Introducing Okey-Panky

[Editors note: Okay-Panky is a new weekly online magazine of short, darkly comic, ironic, and experimental fiction, essay, poetry, and graphic narrative published by Electric Literature. We are throwing a launch party for Okey-Panky in NYC on January 8th. Please join us!]

Back in the early nineties, my not-yet-wife Rhian Ellis came up with an idea for a literary magazine: Five bucks would get you the magazine, a muffin, and the hot beverage of your choice, and it would take you around the same amount of time to finish all three. She devised a visual and literary aesthetic: offbeat, darkly comic, a bit oblique. The magazine was called Teacup. Rhian enlisted my help, and we sold it in the coffee shops and bookstores of Missoula, Montana, where we lived. The first few issues were stapled; the last couple, perfect bound. We were surprised at how many of our favorite writers were willing to throw in: Stephen Dixon, Heather McHugh, Charles Simic (“I like your little mag,” he wrote us in response to our pleading query). Friends destined for great things contributed: Ed Skoog, Andrew Sean Greer. Art came from our pal Science Woman, from Rhian’s sister, and from the children’s writer Aliki. We took real pleasure in gathering evidently incompatible works and combining them into a pleasing whole. It was less than a slick, but more than a zine. It was its own thing.

Teacup only lasted a few issues, but we’ve wanted to follow up on it for years. This past summer, I accidentally came up with the phrase “Okey-Panky” while pursuing a writing prompt, and Rhian joked that that should be our magazine. A month later, I was in Brooklyn, hatching a plot with the EL gang. Okey-Panky would be dedicated to brevity, eccentricity, and dark humor. It would publish every Monday morning, which is when you desperately need something short and weird. We recruited Skoog to hunt down some poetry, and Alice Bolin to find new and uncategorizable writers. I would look for cartoonists, because I love indie comics and have long thought they deserved to live alongside traditional literary forms. (Mainstream Lit? The MSL?)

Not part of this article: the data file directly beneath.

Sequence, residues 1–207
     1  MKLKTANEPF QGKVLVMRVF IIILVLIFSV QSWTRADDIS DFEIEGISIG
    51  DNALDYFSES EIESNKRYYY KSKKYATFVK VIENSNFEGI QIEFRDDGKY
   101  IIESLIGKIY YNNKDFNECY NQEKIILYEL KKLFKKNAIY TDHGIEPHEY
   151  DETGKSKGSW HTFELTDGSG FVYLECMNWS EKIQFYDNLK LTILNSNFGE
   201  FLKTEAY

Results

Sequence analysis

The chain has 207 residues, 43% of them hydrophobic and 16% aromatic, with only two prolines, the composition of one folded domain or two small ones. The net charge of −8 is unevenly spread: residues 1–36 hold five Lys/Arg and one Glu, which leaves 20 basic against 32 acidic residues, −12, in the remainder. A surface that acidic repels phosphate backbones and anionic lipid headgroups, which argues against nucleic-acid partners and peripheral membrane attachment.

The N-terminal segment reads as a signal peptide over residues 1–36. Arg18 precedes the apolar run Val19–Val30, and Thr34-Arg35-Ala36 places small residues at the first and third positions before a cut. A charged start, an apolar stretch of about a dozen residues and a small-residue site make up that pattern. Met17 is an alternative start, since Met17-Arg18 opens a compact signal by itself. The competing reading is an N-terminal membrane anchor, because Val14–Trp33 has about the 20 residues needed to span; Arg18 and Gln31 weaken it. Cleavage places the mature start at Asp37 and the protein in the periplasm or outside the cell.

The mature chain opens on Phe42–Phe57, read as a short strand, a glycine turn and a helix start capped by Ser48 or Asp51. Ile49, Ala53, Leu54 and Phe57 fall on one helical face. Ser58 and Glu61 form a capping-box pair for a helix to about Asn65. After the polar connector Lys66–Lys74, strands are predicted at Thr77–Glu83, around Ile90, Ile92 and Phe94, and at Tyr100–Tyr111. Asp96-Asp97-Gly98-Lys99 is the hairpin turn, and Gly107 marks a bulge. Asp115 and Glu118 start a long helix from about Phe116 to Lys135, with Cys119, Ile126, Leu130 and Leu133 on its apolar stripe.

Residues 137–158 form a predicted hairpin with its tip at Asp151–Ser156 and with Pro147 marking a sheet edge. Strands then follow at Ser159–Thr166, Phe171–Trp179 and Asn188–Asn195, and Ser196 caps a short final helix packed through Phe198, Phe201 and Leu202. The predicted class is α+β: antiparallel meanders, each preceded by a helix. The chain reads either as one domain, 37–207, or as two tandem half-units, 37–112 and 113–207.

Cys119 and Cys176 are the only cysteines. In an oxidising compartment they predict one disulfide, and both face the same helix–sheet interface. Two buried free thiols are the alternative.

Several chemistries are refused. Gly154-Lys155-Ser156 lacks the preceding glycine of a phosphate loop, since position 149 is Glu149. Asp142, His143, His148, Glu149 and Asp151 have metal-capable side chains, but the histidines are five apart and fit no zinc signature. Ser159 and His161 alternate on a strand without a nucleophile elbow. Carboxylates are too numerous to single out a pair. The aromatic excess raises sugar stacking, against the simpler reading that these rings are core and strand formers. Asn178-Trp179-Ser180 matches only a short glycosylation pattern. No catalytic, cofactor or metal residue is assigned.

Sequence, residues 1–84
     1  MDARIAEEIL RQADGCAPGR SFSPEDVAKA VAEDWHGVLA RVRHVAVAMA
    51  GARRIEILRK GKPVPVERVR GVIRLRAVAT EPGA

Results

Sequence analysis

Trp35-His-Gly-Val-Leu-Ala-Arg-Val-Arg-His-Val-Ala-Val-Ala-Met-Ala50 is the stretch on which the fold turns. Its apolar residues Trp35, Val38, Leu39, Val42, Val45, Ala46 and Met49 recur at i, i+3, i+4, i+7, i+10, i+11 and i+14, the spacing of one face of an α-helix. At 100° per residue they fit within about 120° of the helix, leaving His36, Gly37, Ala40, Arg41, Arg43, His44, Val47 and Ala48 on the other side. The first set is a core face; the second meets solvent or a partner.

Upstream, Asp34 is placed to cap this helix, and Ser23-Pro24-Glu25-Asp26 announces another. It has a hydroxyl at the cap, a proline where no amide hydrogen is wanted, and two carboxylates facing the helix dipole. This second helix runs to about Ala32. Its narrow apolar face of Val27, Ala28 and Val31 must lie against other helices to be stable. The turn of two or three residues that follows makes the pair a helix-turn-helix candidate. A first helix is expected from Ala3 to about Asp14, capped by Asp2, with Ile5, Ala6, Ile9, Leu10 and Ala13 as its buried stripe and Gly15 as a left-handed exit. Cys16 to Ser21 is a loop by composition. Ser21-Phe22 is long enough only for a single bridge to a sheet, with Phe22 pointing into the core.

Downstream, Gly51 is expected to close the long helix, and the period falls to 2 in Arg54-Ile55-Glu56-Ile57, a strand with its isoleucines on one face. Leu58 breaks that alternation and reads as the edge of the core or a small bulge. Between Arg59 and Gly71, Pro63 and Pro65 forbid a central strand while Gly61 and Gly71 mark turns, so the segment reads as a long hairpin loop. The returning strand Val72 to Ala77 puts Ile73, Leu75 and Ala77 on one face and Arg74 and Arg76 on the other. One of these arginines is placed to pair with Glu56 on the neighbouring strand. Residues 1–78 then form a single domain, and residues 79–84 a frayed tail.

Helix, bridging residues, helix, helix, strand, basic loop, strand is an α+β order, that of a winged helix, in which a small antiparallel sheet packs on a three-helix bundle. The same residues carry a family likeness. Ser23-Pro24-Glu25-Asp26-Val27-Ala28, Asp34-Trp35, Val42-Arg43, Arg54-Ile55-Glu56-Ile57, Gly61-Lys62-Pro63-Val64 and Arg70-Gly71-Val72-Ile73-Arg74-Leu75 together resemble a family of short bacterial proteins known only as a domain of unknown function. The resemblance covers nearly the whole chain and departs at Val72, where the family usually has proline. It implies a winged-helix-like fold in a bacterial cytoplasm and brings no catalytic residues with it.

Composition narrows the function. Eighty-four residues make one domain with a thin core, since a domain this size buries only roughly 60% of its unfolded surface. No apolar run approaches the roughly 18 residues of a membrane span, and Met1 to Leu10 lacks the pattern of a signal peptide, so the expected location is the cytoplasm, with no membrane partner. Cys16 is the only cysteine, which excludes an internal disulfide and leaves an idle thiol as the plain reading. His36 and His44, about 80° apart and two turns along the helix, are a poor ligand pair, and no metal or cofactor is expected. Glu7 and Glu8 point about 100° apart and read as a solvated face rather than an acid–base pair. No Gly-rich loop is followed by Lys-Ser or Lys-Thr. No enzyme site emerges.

We’re thrilled to have a few months’ worth of great new writing ready to go, and are eager to see what comes in when we open next month for general submissions. Each week we’ll bring you fiction, poetry, essay, graphic narrative, or whatever, followed by brief (of course) interviews with the writers, and audio and video clips of them reading and working.

Okey-Panky is going to be low-key, but, we hope, always interesting. We’re the spray of plastic flowers pulled from the magician’s tux pocket, the horse that can do long division, a dirty joke from the Mother Superior. We’re the streetlight that flickers as you walk underneath. We’re the robin building a nest out of Christmas tinsel. We’re Silly Putty, except when we’re Serious Putty. We’re a virtuoso tambourinist, a left on red, your hot French-Canadian cousin. See you every Monday at okeypanky.com.

J. Robert Lennon

Editor-in-Chief of Okey-Panky

More Like This

Welcome to Electric Literature’s New Website

Like any self-respecting ten-year-old, we've gotten a facelift

Mar 22 - Halimah Marcus

Amy Hempel on Turning Survival into a Story

The award-winning short story writer on her new book "Sing To It" and resisting bow-tied endings

Mar 25 - Yvonne Conza

I Remember You Were Made of Dark, Warm Wood

Three poems about desire by Marshall Mallicoat

Mar 25 - Marshall Mallicoat